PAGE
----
“Nordic Noir” came into usage in the early 2,000’s and is linked to the American hard-boiled tradition.
The paradox of Nordic Noir is that it is set in the countries that are frequently listed as the happiest and wealthiest in the world. By dealing with what is below the surface of society, it forces the reader to ask what is really going on in these seemingly peaceful places. This crime genre is about much more than “who done it?”y. Police work, the media, and politics are scrutinized and there is often a link between the back alleys and the upper echelons of society.
Professor Iversen explained that Nordic Noir tells the story a little differently than the American tradition, especially when it comes to creating the main characters. These people are not well-functioning members of society. They are a dysfunctional bunch, troubled, downbeat, and often in poor health. They have social problems and can be uncomfortable dealing with their superiors. These flaws make them more multi-dimensional and easier to identify with, even when they are unlikeable. This is also true of the villains, which makes their motivations clearer, often adding an additional layer of social commentary.
The popularity of Nordic Noir, in Professor Iversen’s opinion, stems from these differences which add a certain “depth of flavour,” and this depth of flavour come from three ingredients: the plot, the characters, and the location. The best Nordic Noir authors masterfully manage the action so that the reader waffles between certainty and uncertainty as to the identity of the perpetrator. This is what makes these novels so hard to put down. The characters are lifelike in their roughness and social messiness. They resonate with the reader.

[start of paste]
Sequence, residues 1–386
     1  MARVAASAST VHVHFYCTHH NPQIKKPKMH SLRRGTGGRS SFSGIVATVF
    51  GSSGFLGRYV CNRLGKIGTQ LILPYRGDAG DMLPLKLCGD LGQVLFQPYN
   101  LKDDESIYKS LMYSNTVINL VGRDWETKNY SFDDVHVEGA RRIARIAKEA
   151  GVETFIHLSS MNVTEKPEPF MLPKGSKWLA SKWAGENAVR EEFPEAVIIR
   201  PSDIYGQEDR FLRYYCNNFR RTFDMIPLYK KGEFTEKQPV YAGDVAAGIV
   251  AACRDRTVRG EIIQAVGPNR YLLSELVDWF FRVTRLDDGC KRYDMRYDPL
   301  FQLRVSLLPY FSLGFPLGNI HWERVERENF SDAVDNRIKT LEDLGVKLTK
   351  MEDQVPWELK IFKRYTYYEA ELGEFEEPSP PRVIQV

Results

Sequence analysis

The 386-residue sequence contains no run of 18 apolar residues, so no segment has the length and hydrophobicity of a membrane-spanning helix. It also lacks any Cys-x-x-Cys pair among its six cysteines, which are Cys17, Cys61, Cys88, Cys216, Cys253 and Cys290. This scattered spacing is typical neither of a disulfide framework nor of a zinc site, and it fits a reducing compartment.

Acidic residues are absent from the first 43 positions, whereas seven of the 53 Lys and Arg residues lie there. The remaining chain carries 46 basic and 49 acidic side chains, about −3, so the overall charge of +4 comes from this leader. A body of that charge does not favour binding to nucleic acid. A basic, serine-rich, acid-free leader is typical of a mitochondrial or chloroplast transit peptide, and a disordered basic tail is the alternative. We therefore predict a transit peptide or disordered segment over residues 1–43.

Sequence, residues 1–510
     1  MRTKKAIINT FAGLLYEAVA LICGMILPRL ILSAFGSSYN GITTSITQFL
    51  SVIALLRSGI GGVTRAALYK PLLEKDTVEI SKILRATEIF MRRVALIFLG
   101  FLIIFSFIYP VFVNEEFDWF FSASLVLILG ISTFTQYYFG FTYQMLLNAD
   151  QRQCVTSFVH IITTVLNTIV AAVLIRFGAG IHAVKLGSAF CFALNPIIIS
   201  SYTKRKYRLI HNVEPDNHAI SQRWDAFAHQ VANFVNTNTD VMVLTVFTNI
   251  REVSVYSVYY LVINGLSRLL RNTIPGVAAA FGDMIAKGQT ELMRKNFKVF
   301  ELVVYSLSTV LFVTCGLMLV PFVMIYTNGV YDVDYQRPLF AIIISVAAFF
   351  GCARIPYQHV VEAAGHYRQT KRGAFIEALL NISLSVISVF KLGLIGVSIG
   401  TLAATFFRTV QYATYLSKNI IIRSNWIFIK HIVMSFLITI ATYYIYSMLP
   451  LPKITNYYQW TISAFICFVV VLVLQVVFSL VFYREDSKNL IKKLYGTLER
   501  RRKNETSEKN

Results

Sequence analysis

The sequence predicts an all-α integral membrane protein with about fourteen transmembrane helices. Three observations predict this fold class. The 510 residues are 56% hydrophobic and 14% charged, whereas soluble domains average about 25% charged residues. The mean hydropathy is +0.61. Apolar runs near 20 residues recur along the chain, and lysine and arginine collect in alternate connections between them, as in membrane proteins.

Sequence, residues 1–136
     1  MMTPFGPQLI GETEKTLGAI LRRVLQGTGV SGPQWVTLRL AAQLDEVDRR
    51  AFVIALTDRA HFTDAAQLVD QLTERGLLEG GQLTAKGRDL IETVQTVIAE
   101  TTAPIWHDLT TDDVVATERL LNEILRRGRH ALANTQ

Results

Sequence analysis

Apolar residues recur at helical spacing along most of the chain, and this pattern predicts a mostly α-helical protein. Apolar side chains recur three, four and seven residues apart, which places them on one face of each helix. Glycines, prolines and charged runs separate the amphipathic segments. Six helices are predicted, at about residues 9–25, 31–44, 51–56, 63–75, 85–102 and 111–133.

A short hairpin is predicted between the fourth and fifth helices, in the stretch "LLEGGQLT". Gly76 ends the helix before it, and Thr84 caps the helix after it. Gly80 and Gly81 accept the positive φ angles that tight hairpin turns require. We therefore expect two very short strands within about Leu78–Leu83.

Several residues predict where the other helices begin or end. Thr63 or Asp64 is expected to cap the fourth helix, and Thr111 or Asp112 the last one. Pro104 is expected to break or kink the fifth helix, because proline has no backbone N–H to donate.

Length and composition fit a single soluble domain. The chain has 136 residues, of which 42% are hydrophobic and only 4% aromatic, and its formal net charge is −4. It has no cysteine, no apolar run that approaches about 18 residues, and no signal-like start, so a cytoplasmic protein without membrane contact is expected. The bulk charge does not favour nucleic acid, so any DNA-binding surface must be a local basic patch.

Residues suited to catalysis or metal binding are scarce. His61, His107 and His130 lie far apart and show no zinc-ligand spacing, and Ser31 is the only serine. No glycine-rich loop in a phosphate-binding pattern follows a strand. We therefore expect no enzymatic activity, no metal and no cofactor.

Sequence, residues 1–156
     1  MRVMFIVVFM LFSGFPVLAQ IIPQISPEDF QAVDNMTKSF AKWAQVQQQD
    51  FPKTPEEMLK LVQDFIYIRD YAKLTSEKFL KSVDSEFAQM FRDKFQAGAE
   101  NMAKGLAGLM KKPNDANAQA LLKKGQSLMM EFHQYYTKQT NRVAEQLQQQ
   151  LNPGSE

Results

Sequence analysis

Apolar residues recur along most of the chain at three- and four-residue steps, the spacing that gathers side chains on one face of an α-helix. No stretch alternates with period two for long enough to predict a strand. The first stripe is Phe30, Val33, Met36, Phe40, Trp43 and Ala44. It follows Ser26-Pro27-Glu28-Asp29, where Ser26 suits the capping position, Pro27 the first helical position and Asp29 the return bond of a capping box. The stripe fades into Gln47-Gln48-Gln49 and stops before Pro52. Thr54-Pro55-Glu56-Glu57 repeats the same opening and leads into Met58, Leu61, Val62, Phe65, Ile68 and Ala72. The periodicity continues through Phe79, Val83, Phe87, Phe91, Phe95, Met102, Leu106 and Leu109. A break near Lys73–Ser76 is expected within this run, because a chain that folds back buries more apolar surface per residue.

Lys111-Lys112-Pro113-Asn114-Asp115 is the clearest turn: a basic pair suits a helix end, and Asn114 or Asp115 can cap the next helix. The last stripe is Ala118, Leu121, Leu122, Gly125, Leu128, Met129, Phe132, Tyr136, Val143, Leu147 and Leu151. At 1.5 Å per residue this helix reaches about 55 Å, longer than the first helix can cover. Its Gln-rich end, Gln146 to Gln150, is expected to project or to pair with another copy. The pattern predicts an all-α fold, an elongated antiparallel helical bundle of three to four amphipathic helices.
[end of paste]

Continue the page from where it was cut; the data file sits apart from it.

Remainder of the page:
The location in the Nordic countries adds an element of the exotic to those who are not used to a wintry landscape and who may be reading about a country and society which is very different from their own. This adds a certain “acidic flavour to the sauce” to quote Professor Iversen. He also noted that Nordic Noir films and series are filmed on location, which makes them more gritty and realistic than those filmed in studios.
Image from the Trailer for “The Snowman,” 2017 film based on Jo Nesbø’s novel
A few decades ago, crime novels were not considered very respectable reading in the Nordic countries themselves, but this has changed completely in recent years. Professor Iversen believes that Nordic Noir offers Nordics a vehicle for suppressed anger that is the flip side of their affluent welfare states. In what are on the surface very civilized societies, people may suppress violent feelings. Nordic Noir expresses the biggest emotions of joy, sorrow, fear, anger, and revenge in very melodramatic ways, while working through them to end, for the most part, on a positive note.
Many insightful questions and keenly observed discussion followed the talk, revealing the extent to which our own generally genteel members pursue their macabre mania for Nordic Noir. It was indeed the perfect talk for a nasty November night!